Scott described the hiring of Barth as “probably the worst kept secret in all of Little Rock,” adding that he’s seen what Barth “has done for the least of these” in Little Rock and “the entire state.” He said that the “type of person” fit to fill the chief education officer position “does not come cheap,” but that Barth has “given us a good deal” that’s “definitely not what he is worth.” Scott later said that Barth will be paid $28.65 an hour by the city in a part-time capacity, in addition to payment from the Little Rock Public Education Foundation that has not been finalized yet.

After Scott announced Barth’s hiring, Barth told the crowd that he and Scott began working together six years ago when a “group of folks who cared about the future of Little Rock” began meeting to talk about how to improve the city.

“One of the first things that this diverse group agreed upon was that the wall that had been erected between city government and our schools was a major problem, for the health of both our schools and our city,” Barth said. “Such a wall does not exist in cities across the United States that work the best. … It is thrilling, six years later, to be at this moment when we begin to say [that] the future relationship between the city and education in Little Rock is going to be decidedly different, because it simply has to for our students of all ages.”

Barth listed kindergarten preparation, wrap-around services including healthcare, “innovative after school and summer programs,” nutrition programs, and teachers “with training to teach diverse students well in a culturally competent manner” as elements of the community schools model. He added that such a model goes beyond providing these services to students.

“It also makes parents and the broader community, including nonprofits, business, faith-based institutions and yes, city government, partners in bringing them to fruition and recognizing that the needs of every community will be different,” Barth said. “With this approach, schools become the true hubs of community. Centers where parents and guardians have opportunities to gain skills they need to be better advocates and learning partners for their children.”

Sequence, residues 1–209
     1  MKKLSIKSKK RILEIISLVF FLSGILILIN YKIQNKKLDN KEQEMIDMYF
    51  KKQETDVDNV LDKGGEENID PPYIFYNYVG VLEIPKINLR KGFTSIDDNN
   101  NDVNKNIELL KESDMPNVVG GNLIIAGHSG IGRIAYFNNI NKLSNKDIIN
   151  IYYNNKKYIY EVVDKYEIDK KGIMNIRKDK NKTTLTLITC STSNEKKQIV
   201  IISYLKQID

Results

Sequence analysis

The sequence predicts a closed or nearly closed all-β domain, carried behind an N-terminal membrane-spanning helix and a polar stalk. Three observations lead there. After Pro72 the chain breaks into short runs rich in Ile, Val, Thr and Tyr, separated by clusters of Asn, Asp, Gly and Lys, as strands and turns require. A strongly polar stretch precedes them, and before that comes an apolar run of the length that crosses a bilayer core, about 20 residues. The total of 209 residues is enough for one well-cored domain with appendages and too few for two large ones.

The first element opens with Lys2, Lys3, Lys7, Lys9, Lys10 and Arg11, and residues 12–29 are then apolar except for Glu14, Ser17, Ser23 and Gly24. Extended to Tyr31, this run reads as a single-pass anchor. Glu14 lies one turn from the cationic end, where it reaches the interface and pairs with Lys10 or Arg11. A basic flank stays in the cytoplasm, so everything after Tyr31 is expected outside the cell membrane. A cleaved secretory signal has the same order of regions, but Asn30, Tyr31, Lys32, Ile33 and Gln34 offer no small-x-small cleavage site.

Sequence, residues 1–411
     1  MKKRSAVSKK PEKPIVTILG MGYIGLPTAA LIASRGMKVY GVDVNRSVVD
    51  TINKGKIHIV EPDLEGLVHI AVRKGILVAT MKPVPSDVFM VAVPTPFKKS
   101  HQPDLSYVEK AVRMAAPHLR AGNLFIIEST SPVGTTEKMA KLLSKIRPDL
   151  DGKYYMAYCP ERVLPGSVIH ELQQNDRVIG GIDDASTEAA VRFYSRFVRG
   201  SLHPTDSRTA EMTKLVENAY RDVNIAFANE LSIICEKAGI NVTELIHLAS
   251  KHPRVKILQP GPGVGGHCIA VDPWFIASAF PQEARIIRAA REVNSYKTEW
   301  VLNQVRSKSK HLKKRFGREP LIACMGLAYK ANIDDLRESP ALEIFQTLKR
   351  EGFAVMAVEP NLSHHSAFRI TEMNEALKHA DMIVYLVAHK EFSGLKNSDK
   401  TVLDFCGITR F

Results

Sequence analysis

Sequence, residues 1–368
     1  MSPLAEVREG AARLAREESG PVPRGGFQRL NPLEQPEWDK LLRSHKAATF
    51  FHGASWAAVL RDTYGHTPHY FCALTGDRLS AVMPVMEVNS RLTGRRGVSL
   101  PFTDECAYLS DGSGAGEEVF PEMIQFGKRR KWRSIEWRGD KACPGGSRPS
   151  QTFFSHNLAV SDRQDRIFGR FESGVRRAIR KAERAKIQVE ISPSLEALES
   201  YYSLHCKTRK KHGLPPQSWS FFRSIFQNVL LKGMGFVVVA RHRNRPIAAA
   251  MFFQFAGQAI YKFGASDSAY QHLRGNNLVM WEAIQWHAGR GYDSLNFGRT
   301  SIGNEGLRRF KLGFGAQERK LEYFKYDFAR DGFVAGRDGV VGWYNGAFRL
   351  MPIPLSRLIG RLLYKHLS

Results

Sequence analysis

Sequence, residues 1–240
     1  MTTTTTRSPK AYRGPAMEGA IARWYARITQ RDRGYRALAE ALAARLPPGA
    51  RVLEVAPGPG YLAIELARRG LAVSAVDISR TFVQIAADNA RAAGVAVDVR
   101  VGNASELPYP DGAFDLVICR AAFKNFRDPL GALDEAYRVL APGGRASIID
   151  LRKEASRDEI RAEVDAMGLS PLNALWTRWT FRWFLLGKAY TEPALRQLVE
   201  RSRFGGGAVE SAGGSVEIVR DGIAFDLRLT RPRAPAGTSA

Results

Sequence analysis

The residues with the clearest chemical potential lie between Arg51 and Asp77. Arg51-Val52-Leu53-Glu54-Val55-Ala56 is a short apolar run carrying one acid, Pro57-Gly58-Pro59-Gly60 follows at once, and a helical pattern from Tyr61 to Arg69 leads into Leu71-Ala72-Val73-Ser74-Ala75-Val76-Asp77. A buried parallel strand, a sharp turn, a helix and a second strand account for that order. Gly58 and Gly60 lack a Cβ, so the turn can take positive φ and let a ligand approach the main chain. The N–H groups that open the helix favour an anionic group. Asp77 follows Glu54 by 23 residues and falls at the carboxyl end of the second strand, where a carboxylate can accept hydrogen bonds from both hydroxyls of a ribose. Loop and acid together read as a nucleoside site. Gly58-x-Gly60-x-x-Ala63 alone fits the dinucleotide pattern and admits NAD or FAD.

Barth added that in addition to working on enacting the community schools model, he’ll also be working with students in the Pulaski County School District and other city schools as well as higher education schools.

In addition to the Central Arkansas Library System, Scott said Central Arkansas Water has expressed interest in partnering with the city on the initiative. He said Barth will be responsible for securing other partnerships, as well as negotiating with the state government to determine how much funding it may provide to the community schools model.

Barth said his retirement from Hendrix College will become official on Dec. 31, when he will move to professor emeritus status. His position with the city will begin in early January.

Barth said to reporters after the conference that neither the city nor the chief education officer will be “running the schools” in the LRSD, but instead will be focused on facilitating collaboration with community partners. Barth said the city has not yet identified any specific schools for the community schools model, saying that “we all know the schools that, according to the state’s letter grades, have performed the lowest,” but the process is a “work in progress” since the city doesn’t yet know which schools are going to be open in 2020.